Yeah, it’s a different file this time, but I wanted one that didn’t have the inserted string at the end. In this image I have selected eight bytes. The first four bytes are the string IEND. This marks the end of a chunk. The last four bytes are a CRC, which is used for error checking. You definitely don’t want to change this part either, because if the error checking code is changed, the image renderer will think the image file is corrupted even if it isn’t and it will likely refuse to render it.

So basically that leaves three areas of the file that we can alter: the metadata, the end of the file (by appending), and any parts of the chunk header that are not vital. So let’s look at the chunk header.

chunk-title

There are only three chunk header fields that I was able to find out about from either my research or observing the actual hex output: they are the chunk length, the chunk title, and the chunk type, all four bytes in length. In the above image, the chunk length is the first column of the second row. It looks like a small number, but that’s only because it’s in little-endian order. So instead of 0x280, its value is actually 0x80020000. The chunk title in this image is in the second column of the third row, and it is pHYs (don’t ask me what that means). The chunk type is right below the GIMP comment, and its value is IDAT (which I assume is short for “Image DATa”).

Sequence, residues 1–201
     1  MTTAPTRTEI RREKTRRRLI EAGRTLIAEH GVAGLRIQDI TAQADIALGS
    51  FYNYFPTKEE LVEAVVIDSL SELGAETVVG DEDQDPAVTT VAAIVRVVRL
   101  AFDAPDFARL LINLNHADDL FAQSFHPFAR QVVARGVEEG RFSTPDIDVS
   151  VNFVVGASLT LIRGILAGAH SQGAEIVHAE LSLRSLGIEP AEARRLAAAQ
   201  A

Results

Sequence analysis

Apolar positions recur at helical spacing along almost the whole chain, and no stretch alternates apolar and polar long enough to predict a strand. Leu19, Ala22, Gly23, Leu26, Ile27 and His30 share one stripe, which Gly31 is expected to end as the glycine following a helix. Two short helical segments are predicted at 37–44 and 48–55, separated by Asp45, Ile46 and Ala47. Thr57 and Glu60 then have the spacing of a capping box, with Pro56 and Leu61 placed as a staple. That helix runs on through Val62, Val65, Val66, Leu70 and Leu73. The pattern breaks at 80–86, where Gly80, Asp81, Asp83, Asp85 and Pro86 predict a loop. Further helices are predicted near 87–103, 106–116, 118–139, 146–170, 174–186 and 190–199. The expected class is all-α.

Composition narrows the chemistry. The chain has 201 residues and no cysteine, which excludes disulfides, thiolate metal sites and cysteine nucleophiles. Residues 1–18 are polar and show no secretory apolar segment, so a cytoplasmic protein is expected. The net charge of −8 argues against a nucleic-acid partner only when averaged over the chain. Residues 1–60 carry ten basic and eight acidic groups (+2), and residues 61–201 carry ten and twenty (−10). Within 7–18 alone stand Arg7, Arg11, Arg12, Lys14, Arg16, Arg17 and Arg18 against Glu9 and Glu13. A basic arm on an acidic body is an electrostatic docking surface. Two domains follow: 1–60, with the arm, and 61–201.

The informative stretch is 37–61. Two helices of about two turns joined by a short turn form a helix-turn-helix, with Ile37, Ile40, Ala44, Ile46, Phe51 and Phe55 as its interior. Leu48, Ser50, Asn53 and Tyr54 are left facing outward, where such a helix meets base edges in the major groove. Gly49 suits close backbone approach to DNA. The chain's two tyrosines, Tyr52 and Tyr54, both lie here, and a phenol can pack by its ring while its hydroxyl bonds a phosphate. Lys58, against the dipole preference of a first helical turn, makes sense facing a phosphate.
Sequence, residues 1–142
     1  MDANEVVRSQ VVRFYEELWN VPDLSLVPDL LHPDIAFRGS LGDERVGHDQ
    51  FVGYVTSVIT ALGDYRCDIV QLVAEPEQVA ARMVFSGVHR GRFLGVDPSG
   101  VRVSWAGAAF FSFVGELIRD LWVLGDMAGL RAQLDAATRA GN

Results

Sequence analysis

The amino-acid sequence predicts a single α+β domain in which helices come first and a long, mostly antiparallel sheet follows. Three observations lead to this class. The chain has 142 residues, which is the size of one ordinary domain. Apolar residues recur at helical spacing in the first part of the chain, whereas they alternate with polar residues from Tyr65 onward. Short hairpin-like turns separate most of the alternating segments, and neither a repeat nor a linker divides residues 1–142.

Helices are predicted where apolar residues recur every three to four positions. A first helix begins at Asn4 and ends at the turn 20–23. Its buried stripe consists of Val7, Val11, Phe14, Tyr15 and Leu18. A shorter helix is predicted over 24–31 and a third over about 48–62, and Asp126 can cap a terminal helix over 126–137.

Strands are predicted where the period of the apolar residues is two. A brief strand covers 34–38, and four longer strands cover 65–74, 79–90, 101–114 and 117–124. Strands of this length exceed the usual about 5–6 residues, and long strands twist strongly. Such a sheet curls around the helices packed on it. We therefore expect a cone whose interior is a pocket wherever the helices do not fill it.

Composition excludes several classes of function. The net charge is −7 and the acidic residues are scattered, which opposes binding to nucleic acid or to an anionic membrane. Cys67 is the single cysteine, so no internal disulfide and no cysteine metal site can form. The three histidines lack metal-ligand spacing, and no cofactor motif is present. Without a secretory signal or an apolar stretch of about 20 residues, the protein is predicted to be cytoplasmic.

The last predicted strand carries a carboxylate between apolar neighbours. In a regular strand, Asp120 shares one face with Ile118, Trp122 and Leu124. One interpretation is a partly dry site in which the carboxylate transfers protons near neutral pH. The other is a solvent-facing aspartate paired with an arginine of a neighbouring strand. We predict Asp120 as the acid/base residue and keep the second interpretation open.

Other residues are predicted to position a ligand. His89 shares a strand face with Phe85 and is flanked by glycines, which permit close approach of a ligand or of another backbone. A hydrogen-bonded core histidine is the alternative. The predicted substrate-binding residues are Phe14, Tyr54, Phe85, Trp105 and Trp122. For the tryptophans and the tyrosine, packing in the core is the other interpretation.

I have selected the chunk title here for clarity. Both the chunk title and the chunk type appear to be malleable. If they are the wrong value, the image renderer can still guess what the type is in most cases. As for the title, I’m willing to bet it has no real effect on how the image data is interpreted, so it can be basically anything. In altering my images I made various modifications to this field, like changing the lowercase P to a capital P. Since the interpreter has no idea what the letters actually mean and is only focused on the bits themselves, this equates to a completely different title, but it still has no effect on the rendering of the image.

Unfortunately, it does seem to have an effect on uploading the image, probably due to byte order changing. That’s the only thing I can think of anyway. I will have to look into this further.

Not the first time I’ve used a hex editor, but it was the first time I’ve used a hex editor for something of a reverse engineering nature. Overall it’s pretty sweet, and I’m excited to be getting into this stuff. Can’t wait to do more.